Today’s blog post comes from Ann Wendel, PT. Ann is the owner of PranaPT, a member of WebPT, and an active social media participant (@PranaPT). Thanks, Ann!

Grab a cup of coffee (or a stiff drink) because we’re going to talk about Medicare. Currently, there are two issues that we as physical therapists need to be aware of because they affect how we treat patients on a daily basis.

First, it is vital for all therapists to pay attention to what is going on in Congress regarding the Medicare Therapy Cap. On April 14, 2011, sponsor Rep. Jim Gerlach introduced H.R. 1546 (112th): Medicare Access to Rehabilitation Services Act of 2011. As summarized by the Library of Congress, H.R. 1546 amends title XVIII (Medicare) of the Social Security Act to repeal the cap on outpatient physical therapy, speech-language pathology, and occupational therapy services of the type furnished by a physician or as an incident to physicians' services. Unfortunately, as listed on the website, the bill died a quick death and Congress subsequently referred it to the Ways and Means Committee on the same day. And there the act lies, awaiting the committee chair’s decision as to whether it moves past the committee stage.

The members of the Ways and Means Committee are listed here. We need to contact these folks to ask them to support H.R. 1546 (112th): Medicare Access to Rehabilitation Services Act of 2011 to allow Medicare patients to receive the rehabilitative care they need to live a full and functional life. Here is their contact information:

Ways and Means Committee Office
1102 Longworth House Office Building
Washington D.C. 20515
P: 202-225-3625
F: 202-225-2610

Moving onto the second issue we face: As you may know from several posts on the topic in the past year (here, here, and here), physical therapists are prohibited from “opting out” of Medicare. This means that a small PT-owned practice that does not participate in Medicare is forbidden from treating Medicare patients because it is illegal to take cash payment for services that are normally covered by Medicare. 

Over the past two weeks, I have turned away four Medicare patients who called me to schedule evaluations because I choose not to participate in Medicare. The inability to “opt out” takes away a huge patient population—a growing patient population of very active seniors who are living longer; have worked hard all their lives; and have the cash to pay out of pocket for quality services. (You haven’t seen angry until you see an extremely intelligent Medicare patient who CMS won’t allow to pay out of pocket with their hard-earned money to get the best services available in their community!)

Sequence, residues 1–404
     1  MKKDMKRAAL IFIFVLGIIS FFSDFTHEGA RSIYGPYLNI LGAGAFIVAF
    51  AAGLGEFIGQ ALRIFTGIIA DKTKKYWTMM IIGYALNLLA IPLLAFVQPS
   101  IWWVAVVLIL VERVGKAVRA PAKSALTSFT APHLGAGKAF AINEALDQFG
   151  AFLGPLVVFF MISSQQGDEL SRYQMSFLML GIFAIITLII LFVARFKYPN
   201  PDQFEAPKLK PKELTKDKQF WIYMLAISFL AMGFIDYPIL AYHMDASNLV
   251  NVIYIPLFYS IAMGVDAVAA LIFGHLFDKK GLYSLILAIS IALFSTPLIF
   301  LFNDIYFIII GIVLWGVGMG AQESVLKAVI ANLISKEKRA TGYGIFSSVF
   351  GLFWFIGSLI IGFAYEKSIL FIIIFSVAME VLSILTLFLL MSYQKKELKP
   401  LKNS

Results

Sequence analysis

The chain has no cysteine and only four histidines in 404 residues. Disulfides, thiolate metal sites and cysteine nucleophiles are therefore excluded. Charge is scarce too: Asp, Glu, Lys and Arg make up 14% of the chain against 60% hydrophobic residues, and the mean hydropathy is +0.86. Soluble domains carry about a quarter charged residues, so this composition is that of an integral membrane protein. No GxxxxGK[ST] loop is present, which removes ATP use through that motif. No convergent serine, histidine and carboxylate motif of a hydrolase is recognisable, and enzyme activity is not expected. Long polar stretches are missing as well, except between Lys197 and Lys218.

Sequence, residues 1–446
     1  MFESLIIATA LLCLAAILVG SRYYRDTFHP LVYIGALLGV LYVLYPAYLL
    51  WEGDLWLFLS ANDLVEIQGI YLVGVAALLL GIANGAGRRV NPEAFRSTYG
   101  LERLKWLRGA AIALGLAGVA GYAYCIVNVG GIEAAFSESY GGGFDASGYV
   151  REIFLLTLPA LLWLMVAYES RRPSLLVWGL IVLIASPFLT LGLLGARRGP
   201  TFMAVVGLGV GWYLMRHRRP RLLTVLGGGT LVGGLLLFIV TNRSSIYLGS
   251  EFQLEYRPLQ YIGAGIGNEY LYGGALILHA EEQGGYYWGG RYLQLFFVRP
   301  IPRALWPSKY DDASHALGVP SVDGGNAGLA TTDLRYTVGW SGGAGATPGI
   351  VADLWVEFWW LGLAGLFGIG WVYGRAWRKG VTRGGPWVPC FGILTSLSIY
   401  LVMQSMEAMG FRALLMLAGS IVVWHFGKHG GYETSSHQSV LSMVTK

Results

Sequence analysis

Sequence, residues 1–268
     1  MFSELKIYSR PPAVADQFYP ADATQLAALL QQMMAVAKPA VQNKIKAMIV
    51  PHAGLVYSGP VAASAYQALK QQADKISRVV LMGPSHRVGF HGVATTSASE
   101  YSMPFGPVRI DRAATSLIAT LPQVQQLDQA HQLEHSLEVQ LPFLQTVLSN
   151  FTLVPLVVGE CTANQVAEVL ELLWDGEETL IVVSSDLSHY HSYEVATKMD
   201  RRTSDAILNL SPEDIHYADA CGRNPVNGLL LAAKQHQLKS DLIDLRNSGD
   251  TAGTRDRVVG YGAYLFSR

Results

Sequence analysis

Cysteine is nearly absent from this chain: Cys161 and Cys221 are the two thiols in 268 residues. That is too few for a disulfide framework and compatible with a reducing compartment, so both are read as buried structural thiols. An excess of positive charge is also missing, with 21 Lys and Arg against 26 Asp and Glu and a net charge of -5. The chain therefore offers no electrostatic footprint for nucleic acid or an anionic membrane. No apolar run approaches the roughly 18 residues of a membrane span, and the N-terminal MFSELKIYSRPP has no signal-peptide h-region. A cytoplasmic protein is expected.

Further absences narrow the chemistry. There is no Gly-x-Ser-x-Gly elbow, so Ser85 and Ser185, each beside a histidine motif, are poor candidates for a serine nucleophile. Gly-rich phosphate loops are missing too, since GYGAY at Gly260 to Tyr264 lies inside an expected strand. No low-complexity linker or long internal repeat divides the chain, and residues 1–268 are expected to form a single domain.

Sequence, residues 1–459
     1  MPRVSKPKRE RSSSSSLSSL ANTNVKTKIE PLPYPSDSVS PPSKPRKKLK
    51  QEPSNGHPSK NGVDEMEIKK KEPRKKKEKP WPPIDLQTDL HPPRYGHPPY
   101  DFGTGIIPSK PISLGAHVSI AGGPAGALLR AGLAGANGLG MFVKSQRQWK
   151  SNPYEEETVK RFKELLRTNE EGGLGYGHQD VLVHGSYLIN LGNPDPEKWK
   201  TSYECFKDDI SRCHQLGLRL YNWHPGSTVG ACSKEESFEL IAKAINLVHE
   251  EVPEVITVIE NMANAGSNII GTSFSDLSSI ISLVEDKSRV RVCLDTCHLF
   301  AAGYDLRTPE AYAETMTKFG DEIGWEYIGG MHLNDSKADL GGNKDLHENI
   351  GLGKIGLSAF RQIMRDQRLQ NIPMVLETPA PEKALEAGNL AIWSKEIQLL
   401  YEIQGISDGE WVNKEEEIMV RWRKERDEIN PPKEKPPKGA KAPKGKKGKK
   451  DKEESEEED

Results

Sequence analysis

But there might be hope. I just found out that on September 20, 2011, the PPS and APTA sent a statement to the Ways and Means Committee that includes a provision for PTs to opt out of Medicare. It states the following:

“PPS/APTA recommends Congress extend to physical therapists the policy allowing these professionals to collect out of pocket from a Medicare beneficiary. Such an amendment would afford beneficiaries the freedom of choice they deserve, without resulting in any greater expenditure, in fact quite likely some modest savings, for the Medicare program.

“PPS/APTA recommends that Section 1802(b) (5) (B) of the Social Security Act be amended as follows:

Inclusion of physical therapists under private contracting authority.
Section 1802(b)(5)(B) (42 U.S.C. 1395a(b)(5)(C)) is amended by striking ‘the term practitioner has the meaning given such term by section 1842(b)(18)(C)’ and inserting ‘In this subparagraph, the term “practitioner” means an individual defines at section 1842(b)(18)(C) or an individual who is qualified as a physical therapist.’”
(The original statement includes the bold and italic treatment.)

Tim Richardson, PT, posted this template letter to the Ways and Means Committee on his blog recently. I urge all physical therapists to contact their representative on this matter. We need to make our voices heard—these two issues affect the ability for PT-owned outpatient clinics to survive. As the population ages, they deserve to seek out the provider of their choice and to continue therapy until the therapist decides that treatment is complete.

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